Statistical analysis

The cohort for analysis of care dependence consisted of participants who were independent of care at baseline. The proportion of dependent free participants at baseline, proportion of dependence-free participants re-interviewed, and the socioeconomic and health outcome profiles of the dependence-free sample and described (Tables 1 and 2). Because the follow-up periods varied slightly between countries, absolute rates of care dependence per 1000 person years are presented (Fig. 1).
Table 1

10/66 incidence wave cohort characteristics

 

Cuba

DR

Peru

Venezuela

Mexico

China

Puerto Rico

Baseline cohort

 Baseline cohort

2944

2011

1933

1965

2003

2162

2009

 Dependence-free at baseline

2225 (76%)

1770 (88%)

1770 (92%)

1754 (89%)

1807 (90%)

1925 (89%)

1714 (85%)

 Missing dependence data

458

4

2

2

0

0

7

Dependence-free cohort at follow-up

 Person years of follow-up

7802

6507

4110

5410

4327

8243

5678

 Median follow-up years IQR

4.4 (3.8–5.1)

5.0 (4.4–5.2)

3.2 (2.7–3.7)

4.2 (4.1–4.8)

3.0 (3.0–3.2)

4.9 (4.6–5.3)

4.4 (4.0–4.7)

 Alive and reinterviewed %

1660 (75%)

1093 (62%)

1229 (69%)

1154 (66%)

1352 (75%)

1369 (71%)

1154 (67%)

 Deceased, informant interview available %

116 (5%)

345 (19%)

78 (4%)

137 (8%)

95 (5%)

384 (20%)

175 (10%)

 Refused/not traced %

449 (20%)

332 (19%)

463 (26%)

463 (26%)

360 (20%)

172 (9%)

385 (22%)

IQR Interquartile range

Table 2

Sociodemographic and health characteristics of cohort at baseline

 

Cuba

Dominican Republic

Peru

Venezuela

Mexico

China

Puerto Rico

Characteristics of dependence free cohort who for whom follow-up interviews are available

 Person years of follow-up

8107

5801

3928

4944

4133

7436

5196

 Mean age at baseline SD

73.9 (6.4)

74.5 (7.0)

74.2 (7.1)

71.5 (6.1)

73.7 (6.3)

72.7 (5.8)

75.2 (6.5)

 Female %

1318 (64%)

940 (65%)

786 (60%)

808 (63%)

922 (64%)

977 (56%)

891 (67%)

 Did not complete primary %

389 (22%)

1018 (71%)

253 (19%)

362 (28%)

1000 (69%)

923 (53%)

260 (20%)

 0 conditions %

166 (9.3%)

98 (6.8%)

278 (21%)

148 (11%)

186 (13%)

523 (30%)

108 (8.1%)

 1 condition %

584 (33%)

364 (25%)

386 (30%)

360 (28%)

401 (28%)

679 (39%)

323 (24%)

 2 conditions %

483 (27%)

368 (26%)

290 (22%)

329 (25%)

385 (27%)

332 (19%)

325 (24%)

 3 or more conditions %

543 (31%)

608 (42%)

353 (27%)

454 (35%)

475 (33%)

219 (12%)

573 (22%)

 Dementia %

73 (4.1%)

124 (8.6%)

58 (4.4%)

34 (2.6%)

71 (4.9%)

38 (2.2%)

50 (3.8%)

 Depression %

58 (3.3%)

178 (12.4%)

57 (4.4%)

52 (4.0%)

49 (3.4%)

1 (0.1%)

25 (1.9%)

 Anxiety %

66 (3.7%)

107 (7.4%)

85 (6.5%)

89 (6.9%)

65 (4.5%)

3 (0.2%)

55 (4.1%)

SD standard deviation

Fig. 1

Absolute risk of care dependence by number of chronic conditions

In longitudinal studies of older adult populations, death is often the main reason for losses to follow-up. As the number of participants in the cohort decline over time due to mortality, the risk of care dependence could be overestimated among increasingly fewer participants who lived longer. Competing risk models accounts for this bias when estimating the risk of care dependence. It has been suggested that research in older adults make use of this method [29] though to the authors’ knowledge, it had not been used to assess the association of multimorbidity and dependence.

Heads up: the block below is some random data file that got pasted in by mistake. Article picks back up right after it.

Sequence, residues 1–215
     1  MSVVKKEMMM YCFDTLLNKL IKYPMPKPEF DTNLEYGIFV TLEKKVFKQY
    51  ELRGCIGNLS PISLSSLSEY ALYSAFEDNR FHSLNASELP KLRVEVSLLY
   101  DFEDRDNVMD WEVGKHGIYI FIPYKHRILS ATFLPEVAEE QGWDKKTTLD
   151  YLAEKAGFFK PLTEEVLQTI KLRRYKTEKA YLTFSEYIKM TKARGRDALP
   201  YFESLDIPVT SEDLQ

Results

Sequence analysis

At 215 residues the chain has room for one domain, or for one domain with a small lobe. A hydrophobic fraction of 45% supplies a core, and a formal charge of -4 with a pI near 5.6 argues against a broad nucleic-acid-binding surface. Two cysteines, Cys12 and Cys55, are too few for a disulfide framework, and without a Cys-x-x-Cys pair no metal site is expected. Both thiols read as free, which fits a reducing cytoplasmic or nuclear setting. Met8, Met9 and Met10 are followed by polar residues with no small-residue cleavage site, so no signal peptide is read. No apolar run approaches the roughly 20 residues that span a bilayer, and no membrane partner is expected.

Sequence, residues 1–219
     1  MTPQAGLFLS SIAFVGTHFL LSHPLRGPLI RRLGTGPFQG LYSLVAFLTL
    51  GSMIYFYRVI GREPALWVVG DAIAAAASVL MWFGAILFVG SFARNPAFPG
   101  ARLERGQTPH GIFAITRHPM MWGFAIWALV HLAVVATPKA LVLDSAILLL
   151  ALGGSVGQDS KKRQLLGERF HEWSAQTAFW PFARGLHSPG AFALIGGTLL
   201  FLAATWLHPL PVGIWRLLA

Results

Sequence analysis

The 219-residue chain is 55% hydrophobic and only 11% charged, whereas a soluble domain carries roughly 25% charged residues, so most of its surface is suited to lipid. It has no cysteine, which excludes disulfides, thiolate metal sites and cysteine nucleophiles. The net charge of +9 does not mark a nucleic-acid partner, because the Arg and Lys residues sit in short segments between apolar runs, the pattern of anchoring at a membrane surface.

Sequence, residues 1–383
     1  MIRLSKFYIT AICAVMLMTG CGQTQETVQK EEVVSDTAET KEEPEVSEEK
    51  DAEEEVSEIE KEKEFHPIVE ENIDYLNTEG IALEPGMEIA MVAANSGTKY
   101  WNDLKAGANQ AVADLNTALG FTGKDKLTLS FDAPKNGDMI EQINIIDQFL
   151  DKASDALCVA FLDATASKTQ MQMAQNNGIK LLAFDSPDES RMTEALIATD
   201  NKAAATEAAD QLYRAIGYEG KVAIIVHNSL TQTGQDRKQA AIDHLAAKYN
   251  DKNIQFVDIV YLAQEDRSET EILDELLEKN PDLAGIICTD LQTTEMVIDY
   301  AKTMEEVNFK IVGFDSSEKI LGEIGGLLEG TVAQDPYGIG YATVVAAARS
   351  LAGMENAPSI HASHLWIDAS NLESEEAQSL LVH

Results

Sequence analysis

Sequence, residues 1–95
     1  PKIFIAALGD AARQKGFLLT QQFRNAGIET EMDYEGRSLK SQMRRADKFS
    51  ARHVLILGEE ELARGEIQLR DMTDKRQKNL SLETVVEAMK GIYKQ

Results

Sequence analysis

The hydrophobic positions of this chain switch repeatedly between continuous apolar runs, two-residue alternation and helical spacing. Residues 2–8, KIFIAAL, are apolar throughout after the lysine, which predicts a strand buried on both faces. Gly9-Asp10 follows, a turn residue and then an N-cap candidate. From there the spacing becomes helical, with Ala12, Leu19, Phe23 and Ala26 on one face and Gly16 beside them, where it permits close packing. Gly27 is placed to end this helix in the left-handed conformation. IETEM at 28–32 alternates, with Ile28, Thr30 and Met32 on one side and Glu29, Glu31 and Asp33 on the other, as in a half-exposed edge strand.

In this paper where the event of interest is care dependence, the death of a participant competes with the observation of dependence as it “hinders” the event of interest from occurring. Time until the event of interest for participants who became dependent at follow-up was defined as the midpoint between baseline and follow-up assessment. If the participant was deceased and the informant interview revealed care dependence prior to death, time until the competing risk event was defined as the midpoint between baseline and date of death.

The concurrent influence of other factors on the incidence of dependence was examined after adjusting for sociodemographic factors (age, sex, education, wealth and food insecurity), incrementally in four blocks (Models 1–4). To assess the independent effects of physical multimorbidity and mental and cognitive disorders, we first ran a model with physical multimorbidity and care dependence controlling for the sociodemographic factors (Model 5), then adjusted for depression (Model 6), anxiety (Model 7) and dementia (Model 8) individually. Finally, we ran a model with all three mental and cognitive disorders (Model 9). China was excluded from Models 6, 7 and 9, given the low prevalence of depression and anxiety in the China sample (Table 1).

Many participants lived with other participants in the same household (15,027 individual participants from 11,834 households took part in the baseline survey), thus clustering by household was taken into consideration, allowing for intragroup correlation when calculating standard errors.

All analyses were stratified by country, and the estimates for the effect sizes (proportional sub-hazard ratios, with 95% confidence intervals) were then combined using a fixed effect meta-analysis. Inter-country heterogeneity of effect was assessed by Higgins I2; 40% or below indicates mild heterogeneity, and 40–60% moderate heterogeneity.

Ethics

Anonymised 10/66 study data is available through a monitored data sharing repository [30]. Original data collection was granted ethical approval by King’s College London and local institutions.

Results